California Will Release Up to 8,000 Prisoners by Summer’s End

The plan is “progress.” But is it enough?

Tents for treating COVID-19 patients at San Quentin prisonJustin Sullivan/Getty

The coronavirus is a rapidly developing news story, so some of the content in this article might be out of date. Check out our most recent coverage of the coronavirus crisis, and subscribe to the Mother Jones Daily newsletter.

Up to 8,000 incarcerated people across California will be released by the end of August in response to the COVID-19 crisis in the state’s prison system, the California Department of Corrections and Rehabilitation said on Friday.

The newest release plan—announced as corrections officials struggle to cope with an explosive and deadly outbreak at San Quentin State Prison in the San Francisco Bay Area—targets some of the most vulnerable prisoners and institutions in the state’s overcrowded, 112,500-person prison system. Officials said Friday they will now consider releasing people with less than 365 days left on their sentences from San Quentin and seven other prisons with high numbers of sick, older, or medically vulnerable inmates. People from across the prison system who are at heightened medical risk for COVID-19 due to age or an underlying medical condition will also be eligible for release, so long as they are considered a “low risk” for violence and are not serving life-without-parole or death sentences. And CDCR Secretary Ralph Diaz announced on Thursday that nearly all prisoners’ sentences will be reduced by 12 weeks. All prisoners will be tested for COVID-19 within seven days of release, according to CDCR.

“These steps represent great progress,” says Stefano Bertozzi, the former dean of the University of California, Berkeley’s public health school, who last month coauthored a memo raising alarms about the outbreak at San Quentin and calling for large-scale releases. “The critical issue now is how quickly it can be implemented.”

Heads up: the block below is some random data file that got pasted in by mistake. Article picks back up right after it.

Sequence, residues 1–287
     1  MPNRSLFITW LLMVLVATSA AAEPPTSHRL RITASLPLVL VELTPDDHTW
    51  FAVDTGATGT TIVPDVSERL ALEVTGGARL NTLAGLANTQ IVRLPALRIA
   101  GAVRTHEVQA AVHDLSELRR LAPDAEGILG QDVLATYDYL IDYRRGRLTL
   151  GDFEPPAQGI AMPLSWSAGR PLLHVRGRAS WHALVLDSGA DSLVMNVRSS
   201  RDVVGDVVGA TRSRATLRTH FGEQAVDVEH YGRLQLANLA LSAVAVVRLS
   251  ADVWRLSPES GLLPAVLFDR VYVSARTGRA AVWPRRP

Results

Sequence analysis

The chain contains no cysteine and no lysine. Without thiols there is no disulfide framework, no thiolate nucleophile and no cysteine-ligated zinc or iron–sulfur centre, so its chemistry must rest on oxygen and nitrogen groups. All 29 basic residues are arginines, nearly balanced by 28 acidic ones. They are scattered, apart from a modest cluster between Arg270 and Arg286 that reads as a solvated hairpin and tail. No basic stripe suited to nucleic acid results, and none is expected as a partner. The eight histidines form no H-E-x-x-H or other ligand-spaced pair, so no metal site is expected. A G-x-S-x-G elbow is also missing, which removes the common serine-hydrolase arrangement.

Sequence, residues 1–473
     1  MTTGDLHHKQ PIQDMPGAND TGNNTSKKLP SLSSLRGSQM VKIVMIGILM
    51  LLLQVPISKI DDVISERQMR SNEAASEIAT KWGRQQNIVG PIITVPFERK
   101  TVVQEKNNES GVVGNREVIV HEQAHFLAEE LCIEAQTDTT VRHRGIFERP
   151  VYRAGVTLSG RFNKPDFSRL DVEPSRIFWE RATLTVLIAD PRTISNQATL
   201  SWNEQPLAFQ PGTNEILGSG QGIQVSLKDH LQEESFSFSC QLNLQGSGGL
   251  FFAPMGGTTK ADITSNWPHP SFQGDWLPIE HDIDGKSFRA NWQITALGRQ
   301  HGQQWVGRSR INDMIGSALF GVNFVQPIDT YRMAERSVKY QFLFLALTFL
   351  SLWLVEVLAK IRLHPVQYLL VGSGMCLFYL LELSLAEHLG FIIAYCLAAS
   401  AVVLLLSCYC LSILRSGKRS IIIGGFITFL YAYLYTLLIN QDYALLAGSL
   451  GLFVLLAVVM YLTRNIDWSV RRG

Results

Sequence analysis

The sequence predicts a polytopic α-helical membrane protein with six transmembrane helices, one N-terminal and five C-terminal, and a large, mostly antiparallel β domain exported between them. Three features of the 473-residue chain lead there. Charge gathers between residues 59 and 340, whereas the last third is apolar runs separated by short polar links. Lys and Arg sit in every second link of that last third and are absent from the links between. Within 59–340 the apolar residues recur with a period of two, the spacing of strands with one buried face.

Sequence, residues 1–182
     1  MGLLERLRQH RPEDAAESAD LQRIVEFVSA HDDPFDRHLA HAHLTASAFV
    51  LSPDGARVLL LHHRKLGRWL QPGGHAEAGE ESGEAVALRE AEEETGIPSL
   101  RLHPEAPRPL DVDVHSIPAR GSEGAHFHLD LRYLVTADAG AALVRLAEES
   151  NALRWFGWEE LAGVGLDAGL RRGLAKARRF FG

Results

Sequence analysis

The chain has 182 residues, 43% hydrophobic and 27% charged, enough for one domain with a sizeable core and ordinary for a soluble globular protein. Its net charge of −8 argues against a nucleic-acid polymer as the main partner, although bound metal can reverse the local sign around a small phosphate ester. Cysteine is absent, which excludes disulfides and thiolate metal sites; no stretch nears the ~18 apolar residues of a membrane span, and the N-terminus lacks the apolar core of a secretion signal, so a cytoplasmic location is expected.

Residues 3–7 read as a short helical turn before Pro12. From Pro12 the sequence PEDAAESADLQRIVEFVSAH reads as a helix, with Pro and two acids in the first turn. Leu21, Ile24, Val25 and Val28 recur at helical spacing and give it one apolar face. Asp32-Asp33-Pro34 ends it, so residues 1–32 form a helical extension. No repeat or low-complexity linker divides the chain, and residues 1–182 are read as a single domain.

In prisons, health care is limited, sanitation is poor, and social distancing is often impossible. A paper released Wednesday in JAMA found that the COVID-19 case rate for prisoners was 5.5 times higher than in the general population; prisoners who got sick were three times more likely to die.

In April, California released about 3,500 people who had less than 60 days as long as they were serving time for nonviolent offenses and were not considered a “high risk” to the community. State corrections officials had announced in June that early releases would be extended to another 3,500 prisoners with 180 days left on their sentences starting this month. But those eligible prisoners tend to “skew young and are not necessarily the inmates with the lowest risk of violence upon release,” Bertozzi says.

“In a place like San Quentin, the platform is already burning,” Bertozzi says. In the other seven targeted prisons—including the California Health Care Facility, California Medical Facility, and Central California Women’s Facility, which house the state’s oldest and sickest prisoners—the situation could be “out-of-control tomorrow,” Bertozzi says. “CDCR needs to prioritize those releases and to move as quickly as possible.”

While James King, an anti-incarceration activist with the Ella Baker Center for Human Rights, called the plan a “step in the right direction,” he added that further releases would be necessary to allow for physical distancing inside prisons.

That includes at San Quentin. On Monday, Gov. Newsom said state officials plan to reduce the population to 3,082 people, or exactly 100 percent of its capacity (the prison has been operating with hundreds of excess prisoners for years). But that might not be enough. Last month, Bertozzi and other public health experts called for San Quentin’s population to be cut by 50 percent. “I strongly believe that 100 percent capacity is far too condensed and confined to keep people safe,” says King, who was released from San Quentin in December. “It needs to be half of that.”